This 2017 biopic of hip-hop legend Tupac Shakur raised the ire of Jada Pinkett Smith, who befriended the rapper when they both attended the Baltimore School for the Arts. She tweeted, “Forgive me…my relationship to Pac is too precious to me for the scenes in All Eyez On Me to stand as truth. The reimagining of my relationship to Pac has been deeply hurtful.”
Smith even directly addressed three separate scenes that she felt misrepresented the truth. She wrote, “Pac never read me that poem,” and, “Pac never said goodbye to me before leaving for LA. He had to leave abruptly, and it wasn’t to pursue his career.” She also said, “I’ve never been to any of Pac’s shows by his request. We never had an argument backstage.”
Notorious told the life story of iconic rapper Christopher Wallace aka Notorious B.I.G., or “Biggie” as he was nicknamed, was played by Jamal Woolard, and he would later reprise the role in All Eyez On Me. Fellow rapper Lil’ Kim is featured in the film, played by Naturi Naughton, and when the film was released in 2009 she told Hip-Hop Weekly that she had pushed for changes in the script to make it a more accurate representation of her relationship with Biggie.
“I knew I wouldn’t have control of how I was depicted,” explained Kim. “I did correct the writer about Biggie’s nickname for me. He had written that Biggie called me Big Momma. Biggie never called me Big Momma. As a matter of fact, he didn’t even like that name for me. He used to call me Mookie.”
5. The Fifth Estate
In January 2013, WikiLeaks founder Julian Assange published a letter he had written to actor Benedict Cumberbatch, who was set to star as Assange in The Fifth Estate that year. He wrote, “I believe you are a good person, but I do not believe this film is a good film. I do not believe it is going to be positive for me or the people I care about.”
Assange, who at the time was living under diplomatic asylum in the Embassy of Ecuador in London, continued, “I believe that you should reconsider your involvement in this enterprise. Consider the consequences of your cooperation with a project that vilifies and marginalises a living political refugee to the benefit of an entrenched, corrupt and dangerous state.”
Lorene Scafaria’s Hustlers was a huge hit in 2019, making $157 million worldwide and receiving widespread critical adulation. Star Jennifer Lopez was praised for her performance as Ramona, the mastermind behind a crew of strippers drugging and robbing rich New York stock traders. However, Samantha Barbash, the real woman who inspired the creation of Ramona, sued the filmmakers for defamation of character, claiming she was never a stripper.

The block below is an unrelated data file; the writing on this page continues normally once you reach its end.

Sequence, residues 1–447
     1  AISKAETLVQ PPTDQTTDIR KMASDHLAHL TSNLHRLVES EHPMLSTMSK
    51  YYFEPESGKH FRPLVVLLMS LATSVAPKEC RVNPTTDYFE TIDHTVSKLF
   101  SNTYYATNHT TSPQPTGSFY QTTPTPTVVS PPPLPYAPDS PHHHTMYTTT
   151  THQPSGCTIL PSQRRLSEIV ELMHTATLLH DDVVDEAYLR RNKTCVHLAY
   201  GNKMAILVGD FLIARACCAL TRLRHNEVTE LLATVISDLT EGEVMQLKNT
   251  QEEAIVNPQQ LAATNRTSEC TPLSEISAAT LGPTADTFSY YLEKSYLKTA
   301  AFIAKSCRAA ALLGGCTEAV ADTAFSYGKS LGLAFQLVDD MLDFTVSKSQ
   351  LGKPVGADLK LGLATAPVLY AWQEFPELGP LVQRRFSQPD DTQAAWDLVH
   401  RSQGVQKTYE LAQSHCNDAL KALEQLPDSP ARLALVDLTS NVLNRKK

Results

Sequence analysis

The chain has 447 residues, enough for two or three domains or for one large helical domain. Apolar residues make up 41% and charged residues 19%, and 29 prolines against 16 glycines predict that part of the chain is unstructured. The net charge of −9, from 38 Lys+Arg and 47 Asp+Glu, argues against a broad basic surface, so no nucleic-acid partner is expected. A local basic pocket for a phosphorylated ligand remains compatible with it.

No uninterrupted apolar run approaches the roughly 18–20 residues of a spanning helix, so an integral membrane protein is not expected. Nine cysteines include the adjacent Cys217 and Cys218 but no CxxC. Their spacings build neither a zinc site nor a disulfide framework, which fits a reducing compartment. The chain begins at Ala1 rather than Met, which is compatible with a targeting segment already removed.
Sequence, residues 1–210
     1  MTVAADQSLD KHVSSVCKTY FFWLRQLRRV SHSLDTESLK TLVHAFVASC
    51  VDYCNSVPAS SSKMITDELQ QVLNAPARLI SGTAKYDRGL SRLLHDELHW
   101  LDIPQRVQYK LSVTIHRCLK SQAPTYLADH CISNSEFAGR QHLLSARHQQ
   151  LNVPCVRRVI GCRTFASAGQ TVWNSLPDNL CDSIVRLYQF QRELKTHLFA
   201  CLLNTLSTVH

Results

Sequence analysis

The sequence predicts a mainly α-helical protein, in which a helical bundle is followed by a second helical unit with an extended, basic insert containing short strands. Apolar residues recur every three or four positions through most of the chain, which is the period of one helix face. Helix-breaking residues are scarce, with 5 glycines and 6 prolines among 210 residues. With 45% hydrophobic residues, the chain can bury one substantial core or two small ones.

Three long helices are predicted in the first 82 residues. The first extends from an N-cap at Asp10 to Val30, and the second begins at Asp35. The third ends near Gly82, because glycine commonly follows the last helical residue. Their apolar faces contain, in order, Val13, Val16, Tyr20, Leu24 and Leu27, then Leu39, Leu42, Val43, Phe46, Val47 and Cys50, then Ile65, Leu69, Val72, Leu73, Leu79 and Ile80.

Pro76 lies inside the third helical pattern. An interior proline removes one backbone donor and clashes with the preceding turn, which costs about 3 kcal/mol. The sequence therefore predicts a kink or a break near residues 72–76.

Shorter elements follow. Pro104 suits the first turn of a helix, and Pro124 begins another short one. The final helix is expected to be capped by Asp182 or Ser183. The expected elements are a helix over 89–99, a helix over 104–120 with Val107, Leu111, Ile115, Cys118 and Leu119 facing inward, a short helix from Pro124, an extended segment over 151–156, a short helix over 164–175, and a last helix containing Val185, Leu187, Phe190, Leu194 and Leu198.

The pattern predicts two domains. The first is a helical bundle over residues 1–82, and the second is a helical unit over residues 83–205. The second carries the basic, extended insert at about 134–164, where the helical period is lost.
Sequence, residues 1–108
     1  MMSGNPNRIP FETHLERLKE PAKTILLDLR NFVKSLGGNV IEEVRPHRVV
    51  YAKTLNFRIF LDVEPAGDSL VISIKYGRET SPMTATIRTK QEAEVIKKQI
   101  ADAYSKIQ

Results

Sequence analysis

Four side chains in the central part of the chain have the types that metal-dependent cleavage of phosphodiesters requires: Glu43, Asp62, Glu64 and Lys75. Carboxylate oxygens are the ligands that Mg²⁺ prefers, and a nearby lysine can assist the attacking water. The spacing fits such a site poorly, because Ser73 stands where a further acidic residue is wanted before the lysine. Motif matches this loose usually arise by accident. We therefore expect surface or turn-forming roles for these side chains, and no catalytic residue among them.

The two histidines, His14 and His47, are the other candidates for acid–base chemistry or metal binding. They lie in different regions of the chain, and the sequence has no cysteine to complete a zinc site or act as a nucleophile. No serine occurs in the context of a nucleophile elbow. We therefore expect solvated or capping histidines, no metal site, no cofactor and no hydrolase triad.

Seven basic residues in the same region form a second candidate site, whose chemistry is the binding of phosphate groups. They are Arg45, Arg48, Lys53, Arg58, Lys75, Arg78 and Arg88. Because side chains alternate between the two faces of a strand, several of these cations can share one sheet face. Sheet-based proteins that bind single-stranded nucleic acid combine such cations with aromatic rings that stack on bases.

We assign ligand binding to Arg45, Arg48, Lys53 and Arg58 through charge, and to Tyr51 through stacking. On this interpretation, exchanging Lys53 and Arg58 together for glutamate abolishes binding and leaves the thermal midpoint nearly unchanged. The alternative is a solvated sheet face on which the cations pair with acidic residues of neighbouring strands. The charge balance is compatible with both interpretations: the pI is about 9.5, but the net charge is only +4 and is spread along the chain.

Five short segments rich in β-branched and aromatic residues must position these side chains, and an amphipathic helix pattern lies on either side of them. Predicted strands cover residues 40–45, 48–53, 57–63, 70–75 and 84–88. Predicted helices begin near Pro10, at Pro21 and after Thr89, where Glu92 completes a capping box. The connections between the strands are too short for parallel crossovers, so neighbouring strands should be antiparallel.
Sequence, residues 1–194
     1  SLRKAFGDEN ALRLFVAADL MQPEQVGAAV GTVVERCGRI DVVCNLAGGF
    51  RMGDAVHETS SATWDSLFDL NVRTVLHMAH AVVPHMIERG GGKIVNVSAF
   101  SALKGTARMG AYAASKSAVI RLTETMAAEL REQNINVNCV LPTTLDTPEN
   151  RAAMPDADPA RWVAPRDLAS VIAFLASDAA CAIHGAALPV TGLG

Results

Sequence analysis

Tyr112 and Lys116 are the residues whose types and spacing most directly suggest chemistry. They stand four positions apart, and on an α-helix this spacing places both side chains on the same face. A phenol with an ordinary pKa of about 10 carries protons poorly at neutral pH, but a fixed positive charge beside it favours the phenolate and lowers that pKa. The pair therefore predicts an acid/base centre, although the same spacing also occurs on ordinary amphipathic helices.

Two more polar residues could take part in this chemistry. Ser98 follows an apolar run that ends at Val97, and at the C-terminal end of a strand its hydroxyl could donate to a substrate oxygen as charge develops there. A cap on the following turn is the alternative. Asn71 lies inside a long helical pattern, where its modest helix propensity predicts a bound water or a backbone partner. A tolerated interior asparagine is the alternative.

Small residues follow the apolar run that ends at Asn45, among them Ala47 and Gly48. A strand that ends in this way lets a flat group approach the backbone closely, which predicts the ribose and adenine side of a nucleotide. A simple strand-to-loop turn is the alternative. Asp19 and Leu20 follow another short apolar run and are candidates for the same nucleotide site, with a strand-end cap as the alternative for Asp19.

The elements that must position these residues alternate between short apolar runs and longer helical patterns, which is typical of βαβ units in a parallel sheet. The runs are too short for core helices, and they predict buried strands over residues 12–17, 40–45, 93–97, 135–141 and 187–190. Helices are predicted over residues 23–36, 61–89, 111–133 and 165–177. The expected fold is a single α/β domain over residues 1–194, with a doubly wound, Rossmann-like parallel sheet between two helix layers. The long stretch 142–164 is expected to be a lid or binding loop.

In her lawsuit, Barbash alleged that she refused her consent for the filmmakers to use her likeness, but they did so anyway. The court papers also said, “Anyone who views the film will believe Plaintiff to be an individual of little to no moral or ethical values, devoid of any loyalty to her colleagues, under the influence of hard drugs, and with misandrist tendencies.”
3. The Wolf Of Wall Street
Martin Scorsese’s riotous The Wolf Of Wall Street features a minor character named Nicky “Rugrat” Koskoff, played by P.J. Byrne. He is one of the employees at Jordan Belfort’s corrupt brokerage firm Stratton Oakmont. After the film was released in 2014, a lawsuit was filed against Paramount Pictures from one Andrew Greene, who claimed the character was based on him.
Greene’s lawsuit read, “The motion picture contains various scenes wherein Mr Greene’s character is portrayed as a criminal, drug user, degenerate, depraved, and/or devoid of any morality or ethics.” He maintained that he did not consent for his likeness to be used and felt he had been permanently damaged by his depiction in the film. In 2016, lead actor Leonardo DiCaprio was ordered to give testimony, but by 2018 all of Greene’s claims were dismissed by a federal judge.
2. Winnie Mandela
Jennifer Hudson starred as Winnie, the wife of anti-apartheid revolutionary Nelson Mandela, in Winnie Mandela. The movie was filmed in 2010 but not released in North America until 2013. It was poorly reviewed and fared badly at the box office. But worst of all, it also upset the real Winnie, who told CNN in 2011 that the movie — described by its director as “an amazing love story” — was actually an insult to her.
“I have nothing against Jennifer, but I have everything against the movie itself,” said Winnie. “I was not consulted. I am still alive, and I think it is total disrespect to come to South Africa, make a movie about my struggle, and call that movie some translation of a romantic life of Winnie Mandela.”
1. The Theory Of Everything
Eddie Redmayne won the Best Actor Oscar for his performance as theoretical physicist Stephen Hawking in 2014’s The Theory Of Everything. Felicity Jones was also nominated for Best Actress for her portrayal of Jane Hawking, Stephen’s first wife. In fact, the film was based upon Travelling to Infinity: My Life with Stephen, Jane’s 2007 memoir. In 2018, however, Jane said the movie misrepresented their marriage.
Jane told an audience at the Henley literary festival, “I knew if there were mistakes in the film that they would be immortalised, which they have been. I found that very irritating and I didn’t want it to happen. Don’t ever believe what you see in films.” She was especially aggravated that the film glossed over the everyday difficulties of caring for three children and a husband with debilitating motor neuron disease.